Database connection, js

Transparent RPC

Molecule is fully implemented with Scala.js too. This allows us to transact and query data directly from the client/js side. Molecule calls are identical on both the server and client side and are therefore easy to refactor between the two platforms if needed.

Molecule transparently sends and retrieves data via ajax calls to the server and takes care of marshalling data back and forth with highly efficient Byte encoding/decoding using BooPickle.

Since Molecule knows the exact structure of our data at compile time, only data without attribute names etc is encoded. Compared to json that redundantly adds property names to all values, Molecule avoids this and can thereby more efficiently transfer the bare minimum of actual data.

Ajax Server endpoint

The server side needs to be set up to receive ajax calls with an endpoint that Molecule can communicate with. Hereafter, all molecule transactions and queries will flow transparently without you having to code manual RPC calls via shared apis and server implementations!

The Molecule ajax server configuration is very simple. Basically, three lines need to be added to your server controller/endpoint. The needed interfaces and implementations are all supplied by Molecule:

  1. Extend MoleculeRpcHandler with a network interface and port to listen to.
  2. Define a router with the MoleculeRpc interface and DatomicRpc implementation.
  3. Encode the result by calling the moleculeRpcResult method.

By extending MoleculeRpcHandler the method moleculeRpcResult encoder for the third step becomes available.

On a Play server, a Controller could be setup like in this sample project:

// 1. Extend MoleculeRpcHandler
class AppController extends MoleculeRpcHandler("localhost", 9000) with InjectedController with HtmlTag {

  // 2. Define router with MoleculeRpc interface and DatomicRpc implementation
  val router = Router[ByteBuffer, Future].route[MoleculeRpc](DatomicRpc)

  def ajax(path: String): Action[RawBuffer] = {
    Action.async(parse.raw) { implicit ajaxRequest =>
      val args = ajaxRequest.body.asBytes(parse.UNLIMITED).get
      // 3. Encode data using router, api path and args
      moleculeRpcResult(router, path, args) 

Client imports

To use Molecule on the client/js side we need a few imports: the Molecule api, the generated DSL for your Data Model and a Conn_Js that holds a proxy connection:

import molecule.datomic.api._
import app.dsl.yourDomain._
import molecule.core.facade.Conn_Js

Client proxy connection

As on the server side, the client side also needs an implicit connection to be in scope to make molecules.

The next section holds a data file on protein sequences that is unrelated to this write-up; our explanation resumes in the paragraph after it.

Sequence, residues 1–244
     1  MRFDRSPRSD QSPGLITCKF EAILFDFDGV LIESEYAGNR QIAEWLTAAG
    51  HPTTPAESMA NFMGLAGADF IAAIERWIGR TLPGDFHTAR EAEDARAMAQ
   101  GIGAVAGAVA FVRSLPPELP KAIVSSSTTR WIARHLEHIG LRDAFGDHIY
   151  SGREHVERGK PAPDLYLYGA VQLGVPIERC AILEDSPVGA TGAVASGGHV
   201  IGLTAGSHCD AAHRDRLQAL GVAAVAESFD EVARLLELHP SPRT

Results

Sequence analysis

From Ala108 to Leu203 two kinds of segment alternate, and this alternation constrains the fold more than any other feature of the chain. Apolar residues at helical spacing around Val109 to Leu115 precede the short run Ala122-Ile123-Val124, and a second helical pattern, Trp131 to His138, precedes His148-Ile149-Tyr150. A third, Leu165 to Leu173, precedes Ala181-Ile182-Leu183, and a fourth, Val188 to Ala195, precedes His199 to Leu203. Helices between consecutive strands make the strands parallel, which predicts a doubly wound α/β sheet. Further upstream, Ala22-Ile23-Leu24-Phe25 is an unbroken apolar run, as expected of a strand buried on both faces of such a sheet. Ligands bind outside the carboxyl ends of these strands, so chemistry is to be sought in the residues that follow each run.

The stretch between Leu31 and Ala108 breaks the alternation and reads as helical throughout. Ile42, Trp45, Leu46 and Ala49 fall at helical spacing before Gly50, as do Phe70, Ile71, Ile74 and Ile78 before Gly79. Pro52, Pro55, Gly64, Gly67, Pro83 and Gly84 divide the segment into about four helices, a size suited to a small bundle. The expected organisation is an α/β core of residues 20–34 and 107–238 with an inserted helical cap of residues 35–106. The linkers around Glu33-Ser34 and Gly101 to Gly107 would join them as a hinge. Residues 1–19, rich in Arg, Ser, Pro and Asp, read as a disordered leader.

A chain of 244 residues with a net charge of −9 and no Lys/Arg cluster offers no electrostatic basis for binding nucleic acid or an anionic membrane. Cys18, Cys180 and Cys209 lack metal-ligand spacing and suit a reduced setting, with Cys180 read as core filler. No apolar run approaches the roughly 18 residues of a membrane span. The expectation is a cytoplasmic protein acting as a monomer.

We use a Conn_Js instantiated with a proxy connection matching the database system that we want to use. The proxy connection contains the necessary information to be sent along each ajax call to establish a real connection on the server side where the real interaction with database happens.

Here’s an example of creating an implicit connection on the client side by instantiating the Conn_Js with an in-mem Datomic Peer proxy connection:

// Create in-mem database connection using our Person data model
implicit val conn = Future(Conn_Js(
  DatomicPeerProxy("mem", "", PersonSchema.datomicPeer, PersonSchema.attrMap), "localhost", 9000

There are 3 Proxy connection types that all require the following two schema/attribute arguments:

  • A Seq of Schema transaction data that is supplied from the sbt-molecule plugin generated boilerplate code.
  • A Map of Attribute meta data, also supplied from the sbt-molecule plugin generated boilerplate code.


The Peer proxy connection requires a protocol String that can be one of the following:

  • mem: for an in-mem Peer connection, typically for testing.
  • free: a connection to a Datomic Peer Free connection.
  • dev or pro: a connection to a Datomic Peer Pro connection.

A database identifier String containing the database network interface and port where the Datomic Transactor is running, and a database name is also supplied.

A full example of a DatomicPeerProxy could look like this:

  MBrainzSchema.datomicPeer, // Note that datomicPeer is used


To test against the Datomic Client api, a dev-local proxy connection can be used. This requires downloading the dev-tools and installing them locally as per downloaded instructions.

Four additional arguments are supplied to create a DatomicDevLocalProxy:

  • A protocol to be supplied as the DatomicPeerProxy (same as above).
  • A name of a Datomic “system” which translates into a directory in the datomic distributions folder where database data will be saved.
  • A path to your dev-local distribution.
  • Name of database.

DatomicDevLocalProxy example:

  MBrainzSchema.datomicClient, // Note that datomicClient is used


Four additional arguments are supplied to create a DatomicDevLocalProxy:

  • A keyword.
  • A secret/password.
  • A network interface and port where the Peer Server is accessible.
  • Name of database.

DatomicPeerServerProxy example:

  MBrainzSchema.datomicClient, // Note that datomicClient is used

For examples of complete Client setups, please have a look at the two rpc projects in the molecule samples repo

jsdom environment

To make the DOM available on the Client side, add the following to your project/plugins.sbt:

libraryDependencies += "org.scala-js" %% "scalajs-env-jsdom-nodejs" % "1.1.0"

and the following to your build.sbt:

jsEnv := new org.scalajs.jsenv.jsdomnodejs.JSDOMNodeJSEnv()

This will use the jsdom library to simulate a DOM in Node.js. You need to install it separately. It is usually best to install it locally for this project. You can initialize a private package.json as follows:

$ npm init private

Then you can install jsdom:

$ npm install jsdom


Explore various example database setups…. These are all examples of Server setups. But you’ll find that most settings apply to a Client setup too.